What else should I know about the Asian session?

In order to trade successfully, regardless of whether you’re doing day trading or long-term, you need to get an understanding of the Asian markets, how they relate to each other, and how they affect each other.

Rarely will you ever see all Asian markets go down at the same time. Instead, local currencies will go up or down depending on how their countries are doing – and by knowing the regional economy, you’ll be able to better anticipate which currencies will go up and which ones will go down.

The Asian market is generally considered to contain Australia, Japan, and New Zealand, as those are the main currencies traded then, and the ones belonging to the big eight. However, any Asian trader will also take a look at the Chinese market since, although the Yuan isn’t a main forex currency, China’s economy is the largest in the region – and what goes on with it will directly affect not only other Asian markets, but the worldwide economy.

Should I choose to trade during the Asian session?

It’s all up to you. There might be specific moments when the Asian session is where the money is at – however, successful traders often make a profit regardless of the active market.

What should color your decision the most is which economies you know best, and which times of the day you can better dedicate to forex trading without distractions. If you’re in the US and staying up all night is impossible, then perhaps it’s better to let the Asian session go and trade during Europe/America trading times.

In the end, the choice of which sessions to chase is yours – and since the forex market is open round the clock, you should be able to choose based on your possibilities rather than the market, although you’ll naturally have to adjust your strategy to whatever you decided to go with at the end of the day.


There are big players in the forex market that will issue buy orders around the clock. Doing this effectively helps them to spread the risk related to market fluctuations. However, since profit making is always at the heart of every trade, knowing the calmer times to explore in the Asian markets bodes well for day traders. For corporate players, while warehousing FX is good business in terms of risk management, an eye on the Asian markets can be a huge determinant of when to liquidate their holdings and find a safe harbor in the short term.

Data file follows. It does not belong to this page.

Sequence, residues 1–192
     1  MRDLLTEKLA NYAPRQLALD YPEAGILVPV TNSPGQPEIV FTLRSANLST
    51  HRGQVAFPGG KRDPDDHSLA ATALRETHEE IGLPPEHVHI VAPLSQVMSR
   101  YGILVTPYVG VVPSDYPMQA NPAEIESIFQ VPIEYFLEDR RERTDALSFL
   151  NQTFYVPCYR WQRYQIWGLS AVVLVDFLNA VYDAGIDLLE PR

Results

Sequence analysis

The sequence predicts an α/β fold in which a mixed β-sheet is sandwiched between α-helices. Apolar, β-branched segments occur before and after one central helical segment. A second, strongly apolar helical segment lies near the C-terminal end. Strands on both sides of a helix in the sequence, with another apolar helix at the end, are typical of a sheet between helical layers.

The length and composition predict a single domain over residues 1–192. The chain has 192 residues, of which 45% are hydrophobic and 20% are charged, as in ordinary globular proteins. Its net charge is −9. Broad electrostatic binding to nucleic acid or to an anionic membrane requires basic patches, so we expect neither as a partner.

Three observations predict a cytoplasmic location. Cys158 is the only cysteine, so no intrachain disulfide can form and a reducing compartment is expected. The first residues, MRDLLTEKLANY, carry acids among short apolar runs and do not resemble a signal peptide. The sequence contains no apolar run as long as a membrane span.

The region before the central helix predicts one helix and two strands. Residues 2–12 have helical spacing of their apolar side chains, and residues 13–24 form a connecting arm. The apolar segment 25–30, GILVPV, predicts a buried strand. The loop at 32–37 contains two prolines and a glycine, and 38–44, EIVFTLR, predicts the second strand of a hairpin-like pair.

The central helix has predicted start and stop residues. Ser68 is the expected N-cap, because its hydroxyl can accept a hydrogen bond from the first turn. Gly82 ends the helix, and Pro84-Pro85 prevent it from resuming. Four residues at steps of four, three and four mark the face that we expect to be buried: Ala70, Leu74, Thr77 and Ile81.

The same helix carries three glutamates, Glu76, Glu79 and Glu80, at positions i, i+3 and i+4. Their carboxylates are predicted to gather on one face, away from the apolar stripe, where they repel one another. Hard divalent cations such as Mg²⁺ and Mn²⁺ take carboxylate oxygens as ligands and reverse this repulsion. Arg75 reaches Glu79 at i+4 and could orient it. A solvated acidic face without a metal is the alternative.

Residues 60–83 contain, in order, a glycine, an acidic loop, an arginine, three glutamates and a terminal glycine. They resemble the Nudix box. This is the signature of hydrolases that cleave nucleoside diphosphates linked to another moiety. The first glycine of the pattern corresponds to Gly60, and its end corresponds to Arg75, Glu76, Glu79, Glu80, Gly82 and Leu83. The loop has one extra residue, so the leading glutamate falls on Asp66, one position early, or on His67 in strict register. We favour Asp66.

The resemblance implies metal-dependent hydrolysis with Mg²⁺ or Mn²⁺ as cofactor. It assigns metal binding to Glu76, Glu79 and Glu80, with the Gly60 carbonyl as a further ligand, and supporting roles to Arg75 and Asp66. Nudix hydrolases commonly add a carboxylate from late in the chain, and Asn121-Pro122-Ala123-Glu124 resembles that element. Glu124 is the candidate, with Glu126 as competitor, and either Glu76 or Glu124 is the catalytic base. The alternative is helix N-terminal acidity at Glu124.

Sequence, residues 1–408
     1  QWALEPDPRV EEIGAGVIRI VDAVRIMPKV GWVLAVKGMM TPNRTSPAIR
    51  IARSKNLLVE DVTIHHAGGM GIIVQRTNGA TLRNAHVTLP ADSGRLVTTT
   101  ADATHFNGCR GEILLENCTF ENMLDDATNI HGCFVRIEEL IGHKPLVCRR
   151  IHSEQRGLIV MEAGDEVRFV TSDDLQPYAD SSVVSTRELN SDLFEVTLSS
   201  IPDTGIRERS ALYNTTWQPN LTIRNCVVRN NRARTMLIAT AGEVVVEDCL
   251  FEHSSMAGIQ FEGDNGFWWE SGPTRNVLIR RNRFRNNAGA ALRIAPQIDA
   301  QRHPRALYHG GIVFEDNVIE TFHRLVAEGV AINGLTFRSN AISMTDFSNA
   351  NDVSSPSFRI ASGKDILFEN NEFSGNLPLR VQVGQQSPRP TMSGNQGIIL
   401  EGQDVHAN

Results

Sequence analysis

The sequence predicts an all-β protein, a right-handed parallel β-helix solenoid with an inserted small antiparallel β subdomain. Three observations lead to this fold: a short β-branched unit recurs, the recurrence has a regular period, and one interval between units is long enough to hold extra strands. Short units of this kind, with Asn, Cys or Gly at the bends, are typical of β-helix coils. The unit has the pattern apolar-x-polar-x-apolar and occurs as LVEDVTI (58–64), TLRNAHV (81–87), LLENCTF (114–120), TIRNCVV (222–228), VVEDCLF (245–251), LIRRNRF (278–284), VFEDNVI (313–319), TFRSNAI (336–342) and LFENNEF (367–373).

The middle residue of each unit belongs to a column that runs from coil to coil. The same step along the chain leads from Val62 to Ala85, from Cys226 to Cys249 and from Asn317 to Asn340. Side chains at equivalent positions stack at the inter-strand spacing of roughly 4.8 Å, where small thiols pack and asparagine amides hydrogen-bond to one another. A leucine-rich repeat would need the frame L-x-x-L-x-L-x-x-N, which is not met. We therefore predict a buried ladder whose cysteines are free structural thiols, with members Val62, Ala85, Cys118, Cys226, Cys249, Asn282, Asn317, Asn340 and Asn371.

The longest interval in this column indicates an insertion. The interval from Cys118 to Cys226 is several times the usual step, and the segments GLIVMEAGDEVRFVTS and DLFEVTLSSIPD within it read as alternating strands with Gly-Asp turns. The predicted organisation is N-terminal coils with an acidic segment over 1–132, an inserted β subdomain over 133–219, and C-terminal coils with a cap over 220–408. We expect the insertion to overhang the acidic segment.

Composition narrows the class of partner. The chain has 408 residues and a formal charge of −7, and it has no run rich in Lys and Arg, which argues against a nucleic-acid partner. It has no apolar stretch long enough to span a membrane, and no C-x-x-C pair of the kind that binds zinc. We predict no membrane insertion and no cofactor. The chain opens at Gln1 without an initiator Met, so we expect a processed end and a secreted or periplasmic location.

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Fat Finger

Fat Finger

Hello everyone!

My name is Phat Fin Ge, but most people just call me Fat Finger or Mr. Finger.

Many years ago, I was a trader on the Hong Kong Stock Exchange. I became so successful that my company moved me to their offices on Wall Street. The bull market was strong, but my trading gains always outperformed market averages, until that fateful day.

On October 28th, 1929, I tried to take some profits after Charles Whitney had propped up the prices of US Steel. I was trying to sell 10,000 shares, but my fat finger pressed an extra key twice. My sell order ended up being for 1,290,000 shares. Before I could tell anyone it was an error, everyone panicked and the whole market starting heading down. The next day was the biggest stock market crash ever. In early 1930, I was banned from trading for 85 years.

I went back to Hong Kong to work at my family's goldfish store. Please come and visit us at Phat Goldfish in Kowloon, only a 3 minute walk from the C2 MTR entrance.

I thought everyone would forget about me and planned to quietly return to trading in 2015. To my horror, any error in quantity or price which cause a problem kept getting blamed on Fat Finger, even when it was a mix up and not an extra key being pressed. For example, an error by a seller on the Tokyo Stock Exchange was to sell 610,000 shares at ¥6 instead of 6 shares at ¥610,000. That had nothing to do with me or with how fat the trader's finger was, but everyone kept yelling, "Fat Finger! Fat Finger!" In 2016, people blamed a fat finger for a 6% drop in the GBP. It really was a combination of many things, none to do with me or anyone else who had a wider than average finger.

Now that I can trade again, I'm finding forex more interesting than stocks. I've been doing some research on trading forex and other instruments and I'll be sharing it here.

If you see any typing errors, you can blame those on my fat finmgert. If you see any strange changes in price, it's not my fault.